David Martinez Lopez
Director of SPV's México
Envision Energy
Expert Contributor

Tech Trends Shaping a Net-Zero Future: Beyond Wind Turbines

By David Martínez López | Tue, 09/20/2022 - 16:00

First, and to understand where we are going in terms of technological trends for harnessing wind energy within the Mexican landscape, I think it is important to understand where we came from, what has been done in the past and mainly why it was done the way it was done.

The first energy-producing wind turbine dates back to Scotland, all the way to 1887. Regarding Mexico, the first wind farm dates to 1994:  “La Venta I” Wind Farm, located in the state of Oaxaca. This wind farm not only was Mexico’s first, but also the first in Latin America as a whole. Believe it or not, the farm’s total installed capacity was barely 1.5MW. As of 2007, the installed capacity (IC) in Mexico had gone from 1.5MW to 1,263MW. A milestone that was later recorded as the first boom in renewable energy in the country. 

Around 840GW are installed worldwide in the present day, with China being the world benchmark for this installed capacity, followed by the US. Globally, it is expected that an additional 1,000GW of IC will be reached by 2024, thus representing a 54 percent increase versus 2019.

By mid-2020, there were around 6.5GW installed in Mexico (out of a total of 80GW), of which 1,280MW were installed in 2019 alone (representing 26 percent versus 2018). Since the 1990s, wind energy has accumulated investments of almost US$11.5 billion. Just under 6 percent of the energy generated in Mexico comes from wind power. Globally, there are benchmark countries such as Denmark, in which 47 percent of the energy consumed is being covered by wind energy.

Now, the organic answer to the question about technological trends shaping the wind industry globally would be that the rotors in onshore WTGs will shortly exceed 200m in rotor diameter plus a higher rotor-size-to-rating ratio that will far exceed the swept area of products as we know them today. I also see wind turbines reaching nominal powers of close to 10MW plus the inclusion of more direct-drive technologies than what we see in the market today. As for the height of the towers, we have already seen that they are not only being manufactured in tubular steel but also in concrete, with some hybrid designs here and there that have not yet become a  standard for the industry. Tower heights will soon reach 200m at hub height. However, anybody who is somebody within the wind energy industry knows that, so I would like to instead focus my answer based on technological trends in two moments in time: in the short term or immediate term and in the medium to long term.

Short Term (Keyword: Integration)

  1. Integration with other generation/storage systems: solar plants, batteries, etc. Not just renewable, considering that wind technology’s curve is already at globally low prices. Proof of that was the fact that Mexico had some of the most competitive prices in the world for wind energy in the third auction of 2018.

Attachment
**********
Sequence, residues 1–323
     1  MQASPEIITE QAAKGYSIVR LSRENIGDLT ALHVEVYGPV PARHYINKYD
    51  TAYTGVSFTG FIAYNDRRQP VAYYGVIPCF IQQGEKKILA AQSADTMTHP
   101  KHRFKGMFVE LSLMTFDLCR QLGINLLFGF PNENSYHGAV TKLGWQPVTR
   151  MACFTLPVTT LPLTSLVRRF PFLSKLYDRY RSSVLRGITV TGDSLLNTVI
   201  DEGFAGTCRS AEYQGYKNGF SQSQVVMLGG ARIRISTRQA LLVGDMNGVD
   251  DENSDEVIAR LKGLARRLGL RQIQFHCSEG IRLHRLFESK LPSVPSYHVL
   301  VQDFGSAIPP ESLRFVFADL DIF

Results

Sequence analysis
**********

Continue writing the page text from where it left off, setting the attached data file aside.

2. On a wind turbine/wind farm level: use of modern systems (no longer innovative) for processing and treating massive data for decision-making, such as big data, that today require specialized software and applications, so that we can generate and formulate predictions based on the behavior of the observed patterns = wind predictions + arrangements or formations of turbines, obtaining advantages not only in generation but also in transmission.

As project owners and/or sponsors, we focused on reducing the cost of our assets and we began to strongly evaluate software-based alternatives to optimize our assets. I see that the wind energy market presents many areas of opportunity for the industrial application of big data. There are thousands of wind turbines installed globally, each highly equipped with measurement instruments and control systems that communicate data 24/7. This presents a clear opportunity in optimizing data and what actions or decisions we take based on their analysis. Currently, IT tools help us to "see" what is happening with generation assets but I believe that through big data we will not only be able to see what is happening, but more importantly, "understand" the reasons behind the performance of any given asset,with much more comprehension than what we currently employ on a general scale. 

This understanding will allow us to predict and prevent unscheduled downtime. The challenge is to use truly intelligent turbines in such a way that through the evaluation of weather conditions, OM reports, the information from machine components as well as the performance of similar models operating under similar conditions on a global scale, makes the decision-making process simpler and to the point for operators and asset owners.

Data mining on individual wind turbines can and will help determine which ones perform at their best given current circumstances or during a specific time period. By using this date in such a way, building wind farms with maximum efficiency and performance is actually achievable. Utility companies then can have much better control of energy dispatch from using wind power as an alternative and reliable renewable energy source.

Medium to Long-Term View (Keyword: Implementation)